Tech talk: Implementing the new Digital Gov’t Strategy and renewed interest in Shared Services

On Today’s Edition of the DorobekINSIDER

  • We’ve spent some time talking about the Obama administration’s Digital Government Strategy. Today, we’re going to talk about how that strategy can get implemented — and I know a lot of agencies are saying they have no money. GSA is hoping to help, and we’ll talk to the person who is at the forefront of figuring that out. Check out the full post here.
  • The Obama administration’s shared services strategy has received less attention than the Digital Government Strategy. Very few organizations see every part of government the way Microsoft does. We’ll talk to them about what shared services might mean. Check out the full post here.

Many eyes on Wisconsin yesterday. Wisconsin Gov. Scott Walker won a vote to keep his job, surviving a recall effort that turned the Republican into a conservative icon and his state into the first battleground in a bitter, expensive election year, the Washington Post reports.

It’s unclear what the implications of the election will be — it often isn’t clear for months or years after — but the Wisconsin battle started as a fight about government worker pay and benefits, so… I’m guessing that there will be impacts that will impact you… and how you do your job. NPR says that one of the potential implications: Walker’s win may change the way states — and even feds — bargain with employees and may change labor politics. But it could also impact budget priorities. NPR says that Walker resisted taxes and pushed for austerity. We’ve heard that debate before — and Walker’s win could boost pro-austerity conservatives.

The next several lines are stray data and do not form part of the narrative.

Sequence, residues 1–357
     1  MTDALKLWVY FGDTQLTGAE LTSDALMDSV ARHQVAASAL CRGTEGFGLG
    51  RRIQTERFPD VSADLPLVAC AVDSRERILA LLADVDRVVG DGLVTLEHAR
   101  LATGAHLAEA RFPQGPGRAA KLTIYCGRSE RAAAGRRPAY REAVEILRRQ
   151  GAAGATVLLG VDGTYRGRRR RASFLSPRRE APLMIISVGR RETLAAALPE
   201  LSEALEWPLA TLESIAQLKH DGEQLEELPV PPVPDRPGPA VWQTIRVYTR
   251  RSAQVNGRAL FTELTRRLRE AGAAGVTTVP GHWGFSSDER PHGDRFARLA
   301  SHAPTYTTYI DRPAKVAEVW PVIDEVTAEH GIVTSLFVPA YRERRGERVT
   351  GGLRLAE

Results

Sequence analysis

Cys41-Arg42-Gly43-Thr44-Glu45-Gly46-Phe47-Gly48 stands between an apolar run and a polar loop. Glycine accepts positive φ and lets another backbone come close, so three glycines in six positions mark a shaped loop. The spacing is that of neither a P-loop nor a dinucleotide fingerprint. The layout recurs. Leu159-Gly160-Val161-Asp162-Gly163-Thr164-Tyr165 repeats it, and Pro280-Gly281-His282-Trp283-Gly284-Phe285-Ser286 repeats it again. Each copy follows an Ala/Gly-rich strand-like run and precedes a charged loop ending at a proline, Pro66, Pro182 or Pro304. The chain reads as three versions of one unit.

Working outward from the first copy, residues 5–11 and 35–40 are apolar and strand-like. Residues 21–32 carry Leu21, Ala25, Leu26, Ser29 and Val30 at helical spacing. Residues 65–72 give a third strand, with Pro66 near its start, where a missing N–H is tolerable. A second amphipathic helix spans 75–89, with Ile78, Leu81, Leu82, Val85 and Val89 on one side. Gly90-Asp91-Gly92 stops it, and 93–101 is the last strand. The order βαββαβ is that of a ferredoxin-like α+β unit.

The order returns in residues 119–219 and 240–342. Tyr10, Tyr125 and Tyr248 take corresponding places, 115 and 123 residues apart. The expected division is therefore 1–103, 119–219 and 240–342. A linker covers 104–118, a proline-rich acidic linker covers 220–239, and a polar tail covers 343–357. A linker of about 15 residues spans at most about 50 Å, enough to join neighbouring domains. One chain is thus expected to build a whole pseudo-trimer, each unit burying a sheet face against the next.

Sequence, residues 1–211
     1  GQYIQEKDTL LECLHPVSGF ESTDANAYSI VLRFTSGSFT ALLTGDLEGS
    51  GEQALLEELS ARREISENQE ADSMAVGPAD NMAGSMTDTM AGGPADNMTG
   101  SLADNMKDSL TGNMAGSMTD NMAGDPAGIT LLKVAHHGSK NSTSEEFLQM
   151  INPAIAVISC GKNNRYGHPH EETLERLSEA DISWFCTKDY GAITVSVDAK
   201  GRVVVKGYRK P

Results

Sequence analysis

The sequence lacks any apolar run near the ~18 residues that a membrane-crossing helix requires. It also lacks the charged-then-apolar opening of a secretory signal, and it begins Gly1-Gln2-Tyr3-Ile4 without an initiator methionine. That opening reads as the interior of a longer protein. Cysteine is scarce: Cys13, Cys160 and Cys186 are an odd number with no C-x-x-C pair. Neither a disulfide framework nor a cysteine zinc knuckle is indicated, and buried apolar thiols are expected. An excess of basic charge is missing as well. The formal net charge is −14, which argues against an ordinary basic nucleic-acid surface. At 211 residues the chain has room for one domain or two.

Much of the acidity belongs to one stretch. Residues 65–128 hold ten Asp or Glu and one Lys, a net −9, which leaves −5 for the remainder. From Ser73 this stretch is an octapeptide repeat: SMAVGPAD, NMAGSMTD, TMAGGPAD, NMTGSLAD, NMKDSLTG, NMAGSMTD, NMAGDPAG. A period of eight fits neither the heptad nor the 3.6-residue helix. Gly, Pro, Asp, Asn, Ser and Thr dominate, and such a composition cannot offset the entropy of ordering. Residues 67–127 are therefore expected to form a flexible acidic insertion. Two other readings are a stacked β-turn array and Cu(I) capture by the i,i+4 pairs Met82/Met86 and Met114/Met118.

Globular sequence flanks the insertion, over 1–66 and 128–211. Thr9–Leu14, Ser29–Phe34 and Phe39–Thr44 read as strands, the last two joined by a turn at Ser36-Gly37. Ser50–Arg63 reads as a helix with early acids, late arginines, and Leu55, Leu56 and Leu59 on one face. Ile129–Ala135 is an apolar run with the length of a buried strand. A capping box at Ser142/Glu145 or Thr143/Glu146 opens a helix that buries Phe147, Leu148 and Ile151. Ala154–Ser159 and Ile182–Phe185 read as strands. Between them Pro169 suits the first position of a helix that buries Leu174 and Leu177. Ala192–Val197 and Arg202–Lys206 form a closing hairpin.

Meanwhile, is Congress done for the year? House Majority Leader Eric Cantor (R-VA) is saying that serious legislating is all but done until after the election. Politico reports Cantor all but predicted 2012 substantively over. The Senate isn’t passing spending bills and is not talking about working to blunt the automatic defense cuts. The two sides remain too far apart on taxes and entitlements. The rest of the year, Cantor said, will likely be about sending “signal[s] that we’ve actually gotten with the reality here, that we have huge problems to deal with,” he said. House Republicans are left to do little more than position thenselves on the so-called fiscal abyss of expiring tax rates, government funding, and the borrowing limit.

The SEVEN stories that impact your life

  1. A bill to strengthen Whistleblower Protections has advanced in the House.Secrecy News says the Whistleblower Protection Act would require intelligence agency heads to advise employees on how to make lawful disclosures without retribution. The bill would bolster the comparatively flimsy provisions of the Intelligence Community Whistleblower Protection Act.
  2. Judicial vacancies are on the rise. Secrecy News says there are more vacant circuit and district court judgeships than when he took office four years ago. TheCongressional Research Services says the growing number of vacancies impede the successful nomination and confirmation of new judges.
  3. John Gage, the president of the largest federal-employee union, is retiring. He has been at the helm of the American Federal Government Employees union since 2003. In a letter to union members, he called his tenure “challenging but invigorating years.” Federal News Radio says Gage plans to stay for about 10 more weeks, while the AFGE finishes its first contract with the Transportation Safety Administration.